Safe blood saves lives and improves health. Blood transfusion is needed for people who lose too much blood through work or road accident injuries, those undergoing major surgery and complex operations, cancer patients, those with certain illnesses that destroy blood cells, women with complications of pregnancy, such as ectopic pregnancies and haemorrhage before, during or after childbirth, children with severe anaemia etc. It is also needed for regular transfusions for people with conditions such as Thalassaemia and Sickle Cell disease and is used to make products such as clotting factors for people with haemophilia.
There is a constant need for regular blood supply because blood can be stored for only a limited time before use. Regular blood donations by a sufficient number of healthy people are needed to ensure that safe blood will be available whenever and wherever it is needed.
Blood is the most precious gift that anyone can give to another person — the gift of life. A decision to donate your blood can save a life, or even several if your blood is separated into its components — red cells, platelets and plasma — which can be used individually for patients with specific conditions.
NHSBT is on a mission to raise awareness of the importance of blood donation and recruit more new donors in order to save and improve lives.
As well as working with partners such as the CWU to boost national noise and conversation around blood donation, in response to patient needs there is a particular focus this year on reaching and engaging black blood donors, who are more likely to have the rare blood types needed to treat diseases like Sickle Cell.
The need for new donors – Biggest ever blood donor recruitment drive launched to help NHS recover
As the nation emerges from the pandemic which has limited the availability of appointments and seats in blood donor clinics, the NHSBT have been working hard to rebuild blood stocks and need all the help they can get. Now, as life returns to normal, following a period when fewer people were donating regularly, the NHS needs new blood donors to play a crucial role in its recovery. New donors are needed to register and donate blood. Demand for blood is now back at pre-pandemic levels and may increase in the coming months as hospitals continue to catch up on delayed activity.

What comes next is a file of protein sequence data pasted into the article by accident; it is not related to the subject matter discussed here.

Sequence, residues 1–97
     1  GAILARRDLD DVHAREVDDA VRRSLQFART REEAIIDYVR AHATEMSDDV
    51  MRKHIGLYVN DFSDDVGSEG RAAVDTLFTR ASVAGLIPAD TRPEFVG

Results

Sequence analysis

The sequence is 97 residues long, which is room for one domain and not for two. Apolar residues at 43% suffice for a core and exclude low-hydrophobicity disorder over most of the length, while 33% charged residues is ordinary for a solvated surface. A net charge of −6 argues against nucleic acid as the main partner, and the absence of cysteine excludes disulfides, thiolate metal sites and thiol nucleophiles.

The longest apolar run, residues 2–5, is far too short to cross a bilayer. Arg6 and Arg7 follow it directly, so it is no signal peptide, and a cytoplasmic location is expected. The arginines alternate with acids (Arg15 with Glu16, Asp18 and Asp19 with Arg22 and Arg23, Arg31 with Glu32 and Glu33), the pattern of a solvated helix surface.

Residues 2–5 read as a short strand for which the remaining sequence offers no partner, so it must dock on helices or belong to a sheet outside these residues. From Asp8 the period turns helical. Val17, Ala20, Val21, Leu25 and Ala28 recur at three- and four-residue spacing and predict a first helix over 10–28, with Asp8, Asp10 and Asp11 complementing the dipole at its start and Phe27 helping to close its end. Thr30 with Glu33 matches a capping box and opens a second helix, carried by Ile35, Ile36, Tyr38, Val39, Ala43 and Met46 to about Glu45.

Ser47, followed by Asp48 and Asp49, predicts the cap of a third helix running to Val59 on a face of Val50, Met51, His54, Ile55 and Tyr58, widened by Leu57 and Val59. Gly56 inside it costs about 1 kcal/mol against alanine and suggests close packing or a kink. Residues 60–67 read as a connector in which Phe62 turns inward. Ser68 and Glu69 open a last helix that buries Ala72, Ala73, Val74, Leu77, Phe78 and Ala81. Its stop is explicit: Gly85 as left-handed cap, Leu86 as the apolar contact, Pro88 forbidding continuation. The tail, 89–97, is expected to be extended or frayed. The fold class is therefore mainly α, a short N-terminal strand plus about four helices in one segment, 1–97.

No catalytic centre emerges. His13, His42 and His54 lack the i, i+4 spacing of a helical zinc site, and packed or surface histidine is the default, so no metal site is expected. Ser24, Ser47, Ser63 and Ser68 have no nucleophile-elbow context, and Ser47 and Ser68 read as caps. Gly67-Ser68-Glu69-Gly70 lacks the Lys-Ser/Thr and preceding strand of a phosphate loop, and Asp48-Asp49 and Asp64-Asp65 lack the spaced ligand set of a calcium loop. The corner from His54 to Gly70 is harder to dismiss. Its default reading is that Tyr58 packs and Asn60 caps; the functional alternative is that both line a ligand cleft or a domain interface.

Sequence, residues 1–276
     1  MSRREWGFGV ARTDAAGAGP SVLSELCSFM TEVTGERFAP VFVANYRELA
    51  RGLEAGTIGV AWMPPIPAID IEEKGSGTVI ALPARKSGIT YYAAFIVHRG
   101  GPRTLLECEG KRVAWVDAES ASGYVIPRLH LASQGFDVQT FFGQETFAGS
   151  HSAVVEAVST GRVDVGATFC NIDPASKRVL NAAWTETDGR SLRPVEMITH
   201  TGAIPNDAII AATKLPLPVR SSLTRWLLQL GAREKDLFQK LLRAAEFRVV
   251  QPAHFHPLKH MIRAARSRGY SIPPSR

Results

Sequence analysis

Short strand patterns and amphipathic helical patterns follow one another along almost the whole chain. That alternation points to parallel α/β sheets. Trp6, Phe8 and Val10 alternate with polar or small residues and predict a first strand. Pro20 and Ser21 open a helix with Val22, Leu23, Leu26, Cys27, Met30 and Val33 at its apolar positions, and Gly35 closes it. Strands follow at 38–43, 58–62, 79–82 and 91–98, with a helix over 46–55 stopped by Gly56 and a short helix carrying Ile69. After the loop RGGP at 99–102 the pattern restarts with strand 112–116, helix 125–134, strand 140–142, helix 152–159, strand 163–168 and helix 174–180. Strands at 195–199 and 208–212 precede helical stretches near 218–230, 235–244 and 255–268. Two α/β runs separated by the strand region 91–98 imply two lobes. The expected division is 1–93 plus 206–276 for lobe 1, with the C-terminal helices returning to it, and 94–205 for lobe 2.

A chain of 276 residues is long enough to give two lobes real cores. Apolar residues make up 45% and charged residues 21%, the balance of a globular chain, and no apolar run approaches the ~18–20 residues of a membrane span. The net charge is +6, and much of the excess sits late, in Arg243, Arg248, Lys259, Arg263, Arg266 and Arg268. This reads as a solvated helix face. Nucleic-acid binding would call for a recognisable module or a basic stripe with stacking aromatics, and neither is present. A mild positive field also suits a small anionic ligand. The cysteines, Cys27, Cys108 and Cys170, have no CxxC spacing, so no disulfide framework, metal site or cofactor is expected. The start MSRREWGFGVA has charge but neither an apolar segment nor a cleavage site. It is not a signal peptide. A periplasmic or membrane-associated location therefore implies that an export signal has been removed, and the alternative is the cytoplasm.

Blood Type Shortages:
NHSBT report that the NHS needs more O negative, B negative and A negative donors.
NHS Needs More Black Donors:
- Demand is increasing by 10%-15% each year.
- Only 2% of regular blood donors have the ‘Ro’ blood subtype so there’s a gap between the number of donations NHSBT collect and the amount of ‘Ro’ blood subtype hospitals need. ‘Ro’ blood is a rare blood type and there are patients in real need of it. So more blood donors with the ‘Ro’ subtype are needed urgently.
- To help treat patients with Sickle Cell Disorder.
Plasma is needed to create unique life-saving medicines to help save and transform the lives of over 17,000 people in the UK each year. Give Plasma – save lives!
NHSBT Thanks to CWU:
NHS Blood and Transplant (NHSBT) have again welcomed the support of the CWU and its members and asked me to convey their thanks for the continued support of our Trade Union.
The CWU Health, Safety & Environment Department will again be fully supporting the week and continuing the work done together in previous years and we hope that Branches, Regional Health and Safety Forums, Health and Safety Reps and all other Branch Officials and CWU Reps can join in and can get involved again to make 2022 a successful year.
For Further Information and Answers to Any Question About Becoming a Blood Donor – Contact NHSBT:
National Health, Safety & Environment Officer